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So Much for a “Fundamental Right”

February 11, 2013

A €9.2bn fund proposed by Brussels officials to help bring faster broadband to the 27 Member States by 2020 has been obliterated after the European Union agreed to a budget cut that was engineered by Brit Prime Minister David Cameron.

It’s a disaster for commissioner Neelie Kroes, whose digital agenda has been left in tatters with investment for broadband deployments proving to be the biggest casualty.

The fund was hacked down to €1B instead, leading said government functionary to whine publicly on her blog:

I am of course disappointed that Member  States could not agree on our proposal for the digital part of the  Connecting Europe Facility, only agreeing to €1 billion out of the €9.2  billion we had put forward.
This still leaves room to invest in service  infrastructure, in fields like eProcurement and eInvoicing, that can  support a digital single market and ensure top-quality, 21st century  public services for Europeans.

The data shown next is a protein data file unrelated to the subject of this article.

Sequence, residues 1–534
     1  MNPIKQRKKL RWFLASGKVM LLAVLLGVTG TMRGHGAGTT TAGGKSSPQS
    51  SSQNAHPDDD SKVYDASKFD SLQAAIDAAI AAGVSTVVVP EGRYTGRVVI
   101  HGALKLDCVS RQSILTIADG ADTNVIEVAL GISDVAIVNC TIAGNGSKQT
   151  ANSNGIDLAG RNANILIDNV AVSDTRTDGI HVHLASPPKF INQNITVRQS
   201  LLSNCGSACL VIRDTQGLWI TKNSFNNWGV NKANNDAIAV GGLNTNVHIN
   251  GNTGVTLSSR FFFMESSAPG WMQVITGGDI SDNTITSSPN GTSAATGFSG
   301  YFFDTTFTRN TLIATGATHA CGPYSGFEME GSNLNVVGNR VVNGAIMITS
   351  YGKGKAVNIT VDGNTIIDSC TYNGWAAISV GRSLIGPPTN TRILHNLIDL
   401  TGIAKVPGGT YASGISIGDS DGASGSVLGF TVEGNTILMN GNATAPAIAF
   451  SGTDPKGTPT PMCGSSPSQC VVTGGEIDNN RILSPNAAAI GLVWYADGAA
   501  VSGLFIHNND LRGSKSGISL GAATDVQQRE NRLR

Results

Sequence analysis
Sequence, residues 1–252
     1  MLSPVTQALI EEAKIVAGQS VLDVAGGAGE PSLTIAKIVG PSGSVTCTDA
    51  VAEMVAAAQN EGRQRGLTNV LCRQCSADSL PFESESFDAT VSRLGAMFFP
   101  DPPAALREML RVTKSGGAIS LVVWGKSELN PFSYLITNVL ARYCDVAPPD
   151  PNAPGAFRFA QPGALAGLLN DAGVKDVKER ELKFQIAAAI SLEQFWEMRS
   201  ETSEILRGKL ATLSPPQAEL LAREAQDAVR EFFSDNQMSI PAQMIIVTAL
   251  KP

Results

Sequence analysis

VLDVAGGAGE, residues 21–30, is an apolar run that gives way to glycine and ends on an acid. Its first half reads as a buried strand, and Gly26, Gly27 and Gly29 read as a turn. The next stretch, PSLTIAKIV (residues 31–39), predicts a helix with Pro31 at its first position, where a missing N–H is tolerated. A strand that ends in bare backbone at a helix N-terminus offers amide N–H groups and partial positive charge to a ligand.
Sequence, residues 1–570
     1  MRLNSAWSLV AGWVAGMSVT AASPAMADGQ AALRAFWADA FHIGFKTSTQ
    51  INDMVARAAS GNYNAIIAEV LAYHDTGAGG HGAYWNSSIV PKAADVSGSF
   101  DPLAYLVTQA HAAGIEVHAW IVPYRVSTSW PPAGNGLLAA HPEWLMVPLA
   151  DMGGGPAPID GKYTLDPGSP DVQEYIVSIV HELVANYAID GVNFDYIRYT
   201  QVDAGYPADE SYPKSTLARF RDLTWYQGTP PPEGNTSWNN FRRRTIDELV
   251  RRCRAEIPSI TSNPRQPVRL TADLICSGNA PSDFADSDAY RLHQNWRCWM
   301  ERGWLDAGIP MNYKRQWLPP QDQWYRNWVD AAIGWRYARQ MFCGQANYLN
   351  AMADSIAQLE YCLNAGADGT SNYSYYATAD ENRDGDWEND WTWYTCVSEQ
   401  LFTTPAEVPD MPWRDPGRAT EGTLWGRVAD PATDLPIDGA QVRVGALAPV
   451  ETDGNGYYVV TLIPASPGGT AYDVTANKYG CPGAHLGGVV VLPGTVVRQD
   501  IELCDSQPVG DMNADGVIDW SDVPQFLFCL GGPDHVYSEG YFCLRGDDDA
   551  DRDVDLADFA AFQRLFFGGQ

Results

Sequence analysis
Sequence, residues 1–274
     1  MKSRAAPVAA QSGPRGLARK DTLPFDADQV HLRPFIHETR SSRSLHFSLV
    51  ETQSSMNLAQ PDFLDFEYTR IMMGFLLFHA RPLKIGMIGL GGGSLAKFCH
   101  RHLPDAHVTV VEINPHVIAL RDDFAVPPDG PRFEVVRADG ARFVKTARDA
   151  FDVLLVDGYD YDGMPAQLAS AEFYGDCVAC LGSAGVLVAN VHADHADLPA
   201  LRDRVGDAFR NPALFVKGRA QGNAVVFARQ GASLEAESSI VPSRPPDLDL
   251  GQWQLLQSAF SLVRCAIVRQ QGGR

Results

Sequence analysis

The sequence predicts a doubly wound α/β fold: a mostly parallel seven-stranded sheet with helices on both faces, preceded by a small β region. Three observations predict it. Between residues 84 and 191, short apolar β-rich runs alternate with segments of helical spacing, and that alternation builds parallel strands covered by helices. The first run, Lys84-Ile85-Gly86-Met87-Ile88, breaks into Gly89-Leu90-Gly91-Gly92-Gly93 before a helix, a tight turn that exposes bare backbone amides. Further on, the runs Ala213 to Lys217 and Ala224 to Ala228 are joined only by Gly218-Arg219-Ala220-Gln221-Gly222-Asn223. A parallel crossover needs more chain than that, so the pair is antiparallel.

But this funding will have to be exclusively  for digital services: because such a smaller sum does not leave room for  investing in broadband networks. I regret that: because broadband is  essential for a digital single market, the  rails on which all tomorrow’s digital services will run; and this could  have been an innovative and highly-market oriented way to deliver it,  almost budget-neutral in the long run.

Um, okay.  This is a wonderful political statement, but let’s unpack.  What we call high-speed internet is only high speed when everyone else has less.  So if this is an effort to equalize internet speeds… well, someone will always come out with faster, which spins the wheel again.  Also, I’ve tended to notice that the internet fills up available bandwidth nicely.  Nobody complained when they could get it on modems until video and images started popping up.  Then high-def video entered once we’d built up the first wave of DSL.  And so on… when you provide a space to fill, technology fills it up.

So the wisdom of trying to drop a line out to some mountain-top residence only goes as far as the speed of government and the ability of the technology to make whatever the government intended to deploy obsolete.  I’d bet on technology every time in that scenario.  The lesson here is really that government can’t spend on every pet project, and technology is almost always too dynamic for government to keep up, so it’ll suffer.

In the mean time, I’m sure commercial entities will happily spring up for those people who actually want faster internet to watch pictures of cats.  It’s called capitalism, and it tends to work at a much faster pace than government does.

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